Fiscal Sustainability of Health Systems

Bridging Health and Finance Perspectives

image of Fiscal Sustainability of Health Systems

The health systems we enjoy today, and expected medical advances in the future, will be difficult to finance from public resources without major reforms. Public health spending in OECD countries has grown rapidly over most of the last half century. These spending increases have contributed to important progress in population health: for example, life expectancy at birth has increased, rising on average by ten years since 1970. The challenge now is to sustain and enhance these achievements in a context of tight fiscal constraints in many countries combined with upward pressure on health spending from factors such as new technological advances and demographic changes. Finding policies that can make health spending more sustainable without compromising important achievements in access and quality requires effective co-operation between health and finance ministries. Sound governance and co-ordination mechanisms are therefore essential to ensure effective policy choices. Prepared by both public finance and health experts, this report provides a unique detailed overview of institutional frameworks for financing health care in OECD countries. One of the main features of this book is a comprehensive mapping of budgeting practices and governance structure in health across OECD countries.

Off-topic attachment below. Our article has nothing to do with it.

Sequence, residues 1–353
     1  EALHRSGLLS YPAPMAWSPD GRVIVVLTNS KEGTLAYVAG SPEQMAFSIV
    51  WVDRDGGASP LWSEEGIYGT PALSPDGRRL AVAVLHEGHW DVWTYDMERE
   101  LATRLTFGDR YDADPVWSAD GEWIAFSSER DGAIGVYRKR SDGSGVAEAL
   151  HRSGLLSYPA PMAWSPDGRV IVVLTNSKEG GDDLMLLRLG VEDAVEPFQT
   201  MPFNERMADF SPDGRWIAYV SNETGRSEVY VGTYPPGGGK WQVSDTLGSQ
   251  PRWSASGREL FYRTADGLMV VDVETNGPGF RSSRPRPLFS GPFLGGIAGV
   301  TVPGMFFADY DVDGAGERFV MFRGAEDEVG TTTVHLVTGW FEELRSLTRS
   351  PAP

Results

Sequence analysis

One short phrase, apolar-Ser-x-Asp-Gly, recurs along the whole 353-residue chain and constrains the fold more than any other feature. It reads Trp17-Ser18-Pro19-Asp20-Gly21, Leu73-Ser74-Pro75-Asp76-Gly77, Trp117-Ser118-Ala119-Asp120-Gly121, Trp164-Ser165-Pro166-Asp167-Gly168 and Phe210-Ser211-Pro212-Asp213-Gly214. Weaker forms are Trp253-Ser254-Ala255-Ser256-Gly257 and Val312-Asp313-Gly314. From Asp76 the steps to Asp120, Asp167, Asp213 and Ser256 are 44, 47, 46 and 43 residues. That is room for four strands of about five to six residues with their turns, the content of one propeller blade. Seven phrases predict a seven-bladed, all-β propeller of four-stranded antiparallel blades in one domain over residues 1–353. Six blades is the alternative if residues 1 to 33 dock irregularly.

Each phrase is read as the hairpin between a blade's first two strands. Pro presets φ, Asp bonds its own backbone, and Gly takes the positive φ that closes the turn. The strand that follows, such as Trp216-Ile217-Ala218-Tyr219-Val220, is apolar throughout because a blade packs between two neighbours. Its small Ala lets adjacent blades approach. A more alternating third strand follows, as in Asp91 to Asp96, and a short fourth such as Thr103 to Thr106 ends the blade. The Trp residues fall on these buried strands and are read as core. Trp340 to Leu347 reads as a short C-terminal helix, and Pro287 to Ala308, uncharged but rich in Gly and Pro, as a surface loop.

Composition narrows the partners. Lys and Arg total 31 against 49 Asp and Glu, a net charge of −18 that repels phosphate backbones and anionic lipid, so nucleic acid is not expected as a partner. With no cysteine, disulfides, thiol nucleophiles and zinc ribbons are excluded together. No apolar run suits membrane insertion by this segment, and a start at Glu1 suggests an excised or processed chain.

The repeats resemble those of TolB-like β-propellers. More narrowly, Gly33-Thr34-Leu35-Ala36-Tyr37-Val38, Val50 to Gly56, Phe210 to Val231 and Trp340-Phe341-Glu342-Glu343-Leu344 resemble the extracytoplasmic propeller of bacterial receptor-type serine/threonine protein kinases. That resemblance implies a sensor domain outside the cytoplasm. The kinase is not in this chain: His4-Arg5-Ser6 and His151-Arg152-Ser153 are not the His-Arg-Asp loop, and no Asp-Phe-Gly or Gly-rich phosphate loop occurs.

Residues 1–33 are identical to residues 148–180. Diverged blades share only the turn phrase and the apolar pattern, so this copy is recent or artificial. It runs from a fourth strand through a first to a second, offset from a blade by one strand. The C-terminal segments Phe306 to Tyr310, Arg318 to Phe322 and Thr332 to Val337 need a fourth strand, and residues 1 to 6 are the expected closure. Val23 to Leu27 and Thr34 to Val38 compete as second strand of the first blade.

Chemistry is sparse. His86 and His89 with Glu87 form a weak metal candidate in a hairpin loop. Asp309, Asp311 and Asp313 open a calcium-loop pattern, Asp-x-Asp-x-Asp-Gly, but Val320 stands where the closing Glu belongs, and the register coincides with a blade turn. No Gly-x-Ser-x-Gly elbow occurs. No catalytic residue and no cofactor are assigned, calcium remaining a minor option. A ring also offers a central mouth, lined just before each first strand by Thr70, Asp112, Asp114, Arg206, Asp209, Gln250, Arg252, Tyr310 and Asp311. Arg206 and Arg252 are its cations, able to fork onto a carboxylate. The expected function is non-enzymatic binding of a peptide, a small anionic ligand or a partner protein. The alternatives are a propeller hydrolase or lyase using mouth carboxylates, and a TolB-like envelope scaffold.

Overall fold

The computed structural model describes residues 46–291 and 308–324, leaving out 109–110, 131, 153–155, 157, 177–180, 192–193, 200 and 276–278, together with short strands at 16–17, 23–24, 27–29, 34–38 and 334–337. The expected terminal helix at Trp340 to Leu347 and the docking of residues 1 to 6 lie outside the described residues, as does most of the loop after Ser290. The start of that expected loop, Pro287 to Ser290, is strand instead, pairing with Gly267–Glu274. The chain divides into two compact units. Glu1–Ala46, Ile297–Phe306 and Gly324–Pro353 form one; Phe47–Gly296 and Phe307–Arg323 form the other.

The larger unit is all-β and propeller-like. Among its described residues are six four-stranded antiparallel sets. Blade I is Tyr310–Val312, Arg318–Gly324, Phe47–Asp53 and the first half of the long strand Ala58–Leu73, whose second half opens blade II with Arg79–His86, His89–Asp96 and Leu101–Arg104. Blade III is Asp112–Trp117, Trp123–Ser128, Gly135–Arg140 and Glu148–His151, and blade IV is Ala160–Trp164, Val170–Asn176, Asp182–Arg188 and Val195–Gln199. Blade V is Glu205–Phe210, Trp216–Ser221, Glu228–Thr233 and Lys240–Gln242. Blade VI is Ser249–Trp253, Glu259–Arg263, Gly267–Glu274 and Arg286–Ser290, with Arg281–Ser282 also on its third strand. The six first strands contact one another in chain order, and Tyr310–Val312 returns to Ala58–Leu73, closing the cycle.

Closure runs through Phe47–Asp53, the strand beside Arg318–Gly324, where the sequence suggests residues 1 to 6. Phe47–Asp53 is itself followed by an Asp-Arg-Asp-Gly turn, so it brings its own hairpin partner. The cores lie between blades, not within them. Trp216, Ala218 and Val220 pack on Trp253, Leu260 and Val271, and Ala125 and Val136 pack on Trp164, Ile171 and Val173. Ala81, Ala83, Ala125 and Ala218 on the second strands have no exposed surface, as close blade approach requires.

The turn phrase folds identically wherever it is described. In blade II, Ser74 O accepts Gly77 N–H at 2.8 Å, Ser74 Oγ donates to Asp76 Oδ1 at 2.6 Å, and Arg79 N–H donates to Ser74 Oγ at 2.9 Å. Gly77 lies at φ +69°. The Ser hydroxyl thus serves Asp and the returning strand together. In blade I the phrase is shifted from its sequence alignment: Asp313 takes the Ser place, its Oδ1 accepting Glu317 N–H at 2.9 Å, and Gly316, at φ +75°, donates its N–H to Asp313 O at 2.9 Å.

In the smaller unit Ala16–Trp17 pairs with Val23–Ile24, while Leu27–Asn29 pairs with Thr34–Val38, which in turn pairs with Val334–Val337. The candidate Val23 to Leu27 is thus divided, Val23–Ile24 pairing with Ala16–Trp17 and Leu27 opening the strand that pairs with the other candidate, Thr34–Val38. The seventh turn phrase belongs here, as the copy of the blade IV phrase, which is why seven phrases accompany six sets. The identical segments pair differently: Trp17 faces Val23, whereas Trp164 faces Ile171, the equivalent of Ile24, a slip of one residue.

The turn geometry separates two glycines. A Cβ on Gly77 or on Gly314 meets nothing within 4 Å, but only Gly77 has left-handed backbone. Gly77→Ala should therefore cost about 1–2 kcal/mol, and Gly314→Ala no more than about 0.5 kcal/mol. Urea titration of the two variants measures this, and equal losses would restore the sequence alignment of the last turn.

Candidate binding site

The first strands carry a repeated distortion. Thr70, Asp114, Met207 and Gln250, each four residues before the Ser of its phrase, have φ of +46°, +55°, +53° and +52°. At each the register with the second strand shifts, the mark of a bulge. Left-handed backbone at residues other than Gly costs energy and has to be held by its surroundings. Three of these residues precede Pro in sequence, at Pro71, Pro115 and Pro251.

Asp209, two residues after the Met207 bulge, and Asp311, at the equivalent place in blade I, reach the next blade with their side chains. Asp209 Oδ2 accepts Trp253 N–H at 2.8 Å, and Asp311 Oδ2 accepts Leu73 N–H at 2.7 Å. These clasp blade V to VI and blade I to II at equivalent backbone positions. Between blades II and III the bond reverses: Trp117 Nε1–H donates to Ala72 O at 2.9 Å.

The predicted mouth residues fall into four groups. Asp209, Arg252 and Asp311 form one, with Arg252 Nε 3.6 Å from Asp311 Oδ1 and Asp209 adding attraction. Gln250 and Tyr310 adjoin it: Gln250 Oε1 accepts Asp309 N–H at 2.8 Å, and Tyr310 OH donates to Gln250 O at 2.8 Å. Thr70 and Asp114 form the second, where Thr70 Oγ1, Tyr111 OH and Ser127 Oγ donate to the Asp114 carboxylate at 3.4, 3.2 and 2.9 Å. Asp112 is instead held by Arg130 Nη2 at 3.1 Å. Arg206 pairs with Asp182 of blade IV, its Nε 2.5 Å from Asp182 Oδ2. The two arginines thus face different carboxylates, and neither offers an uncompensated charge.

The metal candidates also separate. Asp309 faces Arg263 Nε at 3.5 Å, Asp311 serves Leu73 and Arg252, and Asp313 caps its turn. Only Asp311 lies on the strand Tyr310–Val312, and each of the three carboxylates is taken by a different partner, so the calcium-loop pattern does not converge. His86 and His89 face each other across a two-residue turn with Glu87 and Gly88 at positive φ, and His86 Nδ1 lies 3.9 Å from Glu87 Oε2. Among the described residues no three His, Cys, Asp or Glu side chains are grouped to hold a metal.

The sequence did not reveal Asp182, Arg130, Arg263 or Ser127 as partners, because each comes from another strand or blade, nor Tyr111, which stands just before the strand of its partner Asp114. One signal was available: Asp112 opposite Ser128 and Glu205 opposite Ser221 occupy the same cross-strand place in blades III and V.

Country experiences in dealing with fiscal constraint following the 2008 crisis

This chapter presents a synthesis of OECD and non-OECD countries’ experiences in responding to the global financial crisis, on what concerns the health sector. Many countries initially followed counter-cyclical fiscal policies and tried to sustain social sector expenditure, in particular in health. However, many countries were also soon forced to develop and implement strategies to control or reduce spending, and the health sector was often a target. The country responses to the crisis presented in this chapter provide important examples to other countries facing similar challenges, as well as interesting insights into how longer-term fiscal sustainability of the health sector might be enhanced.



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